The Supreme Court is being petitioned to hear a case regarding whether farmers can save and replant genetically modified seeds. Monsanto Company sued an Indiana farmer for purchasing and replanting its Roundup Ready soybeans. The courts have upheld that Monsanto’s patents for its GM seeds can be used to stop farmers from saving and replanting them.

Although the Federal Circuit Court upheld the ruling for Monsanto, Indiana farmer Vernon Bowman has petitioned the Supreme Court to hear the case. He claims his use of the seeds is covered by patent law’s “exhaustion doctrine.” This doctrine holds that a patent holder’s rights in a product are “exhausted” when the product is sold to an end user, according to Wired Science. Bowman further argues that because he was not required to sign a licensing agreement when he purchased the seeds, he was free to plant them.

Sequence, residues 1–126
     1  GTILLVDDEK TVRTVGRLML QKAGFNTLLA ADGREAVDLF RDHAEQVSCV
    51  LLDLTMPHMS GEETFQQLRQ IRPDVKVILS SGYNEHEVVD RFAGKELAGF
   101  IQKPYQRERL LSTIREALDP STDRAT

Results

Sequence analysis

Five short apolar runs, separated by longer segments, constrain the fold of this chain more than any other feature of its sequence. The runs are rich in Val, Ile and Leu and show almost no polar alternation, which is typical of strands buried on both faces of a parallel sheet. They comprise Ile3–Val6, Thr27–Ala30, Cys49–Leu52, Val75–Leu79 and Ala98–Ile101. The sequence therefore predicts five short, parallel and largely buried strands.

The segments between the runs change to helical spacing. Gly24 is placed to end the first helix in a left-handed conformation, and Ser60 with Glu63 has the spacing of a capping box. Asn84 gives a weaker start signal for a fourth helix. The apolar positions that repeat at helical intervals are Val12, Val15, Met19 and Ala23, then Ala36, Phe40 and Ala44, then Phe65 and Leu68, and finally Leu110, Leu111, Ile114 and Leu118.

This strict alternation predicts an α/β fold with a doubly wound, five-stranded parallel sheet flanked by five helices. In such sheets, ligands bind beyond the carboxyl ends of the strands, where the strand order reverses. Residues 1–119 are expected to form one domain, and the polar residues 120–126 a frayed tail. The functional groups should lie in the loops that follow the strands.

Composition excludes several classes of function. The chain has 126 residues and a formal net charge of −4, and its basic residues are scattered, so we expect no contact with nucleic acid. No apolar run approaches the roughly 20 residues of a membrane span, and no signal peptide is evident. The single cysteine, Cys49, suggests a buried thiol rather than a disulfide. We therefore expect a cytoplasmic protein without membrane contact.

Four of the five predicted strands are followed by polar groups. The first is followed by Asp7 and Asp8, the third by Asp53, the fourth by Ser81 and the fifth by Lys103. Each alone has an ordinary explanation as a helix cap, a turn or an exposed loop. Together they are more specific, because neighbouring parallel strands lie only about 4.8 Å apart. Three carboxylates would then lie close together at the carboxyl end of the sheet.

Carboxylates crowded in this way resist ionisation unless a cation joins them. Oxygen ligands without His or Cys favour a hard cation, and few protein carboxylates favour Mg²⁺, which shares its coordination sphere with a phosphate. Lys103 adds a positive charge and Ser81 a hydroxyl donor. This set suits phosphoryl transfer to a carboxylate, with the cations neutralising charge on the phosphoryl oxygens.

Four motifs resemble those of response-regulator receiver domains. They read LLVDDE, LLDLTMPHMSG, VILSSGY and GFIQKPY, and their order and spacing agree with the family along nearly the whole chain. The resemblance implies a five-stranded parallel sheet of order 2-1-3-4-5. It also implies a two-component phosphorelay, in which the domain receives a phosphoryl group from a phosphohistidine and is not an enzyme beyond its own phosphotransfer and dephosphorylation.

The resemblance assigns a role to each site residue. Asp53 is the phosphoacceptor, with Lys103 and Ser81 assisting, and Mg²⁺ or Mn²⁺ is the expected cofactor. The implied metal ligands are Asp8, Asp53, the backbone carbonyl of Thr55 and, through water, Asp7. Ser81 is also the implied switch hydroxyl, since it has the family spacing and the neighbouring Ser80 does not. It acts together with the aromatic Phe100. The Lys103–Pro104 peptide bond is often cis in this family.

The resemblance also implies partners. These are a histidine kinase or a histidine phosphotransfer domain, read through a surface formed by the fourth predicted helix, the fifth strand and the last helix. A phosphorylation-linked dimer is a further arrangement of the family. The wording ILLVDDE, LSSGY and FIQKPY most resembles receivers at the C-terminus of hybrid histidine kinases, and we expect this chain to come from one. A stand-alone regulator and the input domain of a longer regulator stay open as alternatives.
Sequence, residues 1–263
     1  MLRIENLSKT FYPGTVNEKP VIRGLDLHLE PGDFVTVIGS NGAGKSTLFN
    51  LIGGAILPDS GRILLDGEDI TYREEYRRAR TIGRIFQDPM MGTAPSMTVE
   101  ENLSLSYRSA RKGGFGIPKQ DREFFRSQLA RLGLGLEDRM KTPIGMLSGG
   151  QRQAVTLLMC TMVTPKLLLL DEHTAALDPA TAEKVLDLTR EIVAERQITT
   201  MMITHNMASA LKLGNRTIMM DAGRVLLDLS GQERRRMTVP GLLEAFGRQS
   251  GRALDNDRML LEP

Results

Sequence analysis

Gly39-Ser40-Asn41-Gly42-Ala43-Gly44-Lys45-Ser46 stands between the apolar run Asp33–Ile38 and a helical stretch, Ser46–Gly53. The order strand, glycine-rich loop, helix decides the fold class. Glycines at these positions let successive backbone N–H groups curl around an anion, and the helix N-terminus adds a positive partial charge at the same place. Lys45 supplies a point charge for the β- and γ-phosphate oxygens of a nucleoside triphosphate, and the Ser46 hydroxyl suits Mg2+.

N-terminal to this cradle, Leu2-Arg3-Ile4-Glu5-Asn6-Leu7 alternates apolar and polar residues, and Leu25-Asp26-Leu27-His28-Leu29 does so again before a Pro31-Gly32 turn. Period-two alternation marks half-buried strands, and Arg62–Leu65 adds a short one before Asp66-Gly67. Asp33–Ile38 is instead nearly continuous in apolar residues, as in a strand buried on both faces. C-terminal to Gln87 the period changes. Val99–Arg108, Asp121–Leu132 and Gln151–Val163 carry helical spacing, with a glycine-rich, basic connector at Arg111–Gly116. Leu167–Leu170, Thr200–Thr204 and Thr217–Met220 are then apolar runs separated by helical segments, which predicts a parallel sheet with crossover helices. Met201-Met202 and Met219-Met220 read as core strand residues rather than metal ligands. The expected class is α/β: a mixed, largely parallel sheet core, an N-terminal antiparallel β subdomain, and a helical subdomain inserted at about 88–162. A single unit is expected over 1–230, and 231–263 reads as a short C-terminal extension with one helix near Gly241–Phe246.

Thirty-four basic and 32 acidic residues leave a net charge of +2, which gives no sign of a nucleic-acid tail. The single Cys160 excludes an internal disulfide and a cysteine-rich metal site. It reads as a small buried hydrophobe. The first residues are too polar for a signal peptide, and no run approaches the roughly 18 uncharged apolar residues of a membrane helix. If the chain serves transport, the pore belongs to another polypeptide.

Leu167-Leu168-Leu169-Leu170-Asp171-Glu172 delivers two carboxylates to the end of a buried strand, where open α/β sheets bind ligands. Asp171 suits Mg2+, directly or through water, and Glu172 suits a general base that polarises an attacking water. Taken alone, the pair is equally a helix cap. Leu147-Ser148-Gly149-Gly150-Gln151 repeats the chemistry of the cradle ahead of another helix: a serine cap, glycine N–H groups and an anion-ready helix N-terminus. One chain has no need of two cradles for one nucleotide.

This week, upon the vote of at least four Justices, the Supreme Court asked the Obama administration to weigh in on the petition, requesting that the Solicitor General, the official in charge of representing the Obama administration, file briefs expressing the views of the United States, Patently-O reported. Although the case remains to be heard—the court can still opt not to do so—a study of 30,000 petitions found that those for which the court requests a response from the Solicitor General are four times more likely to be granted.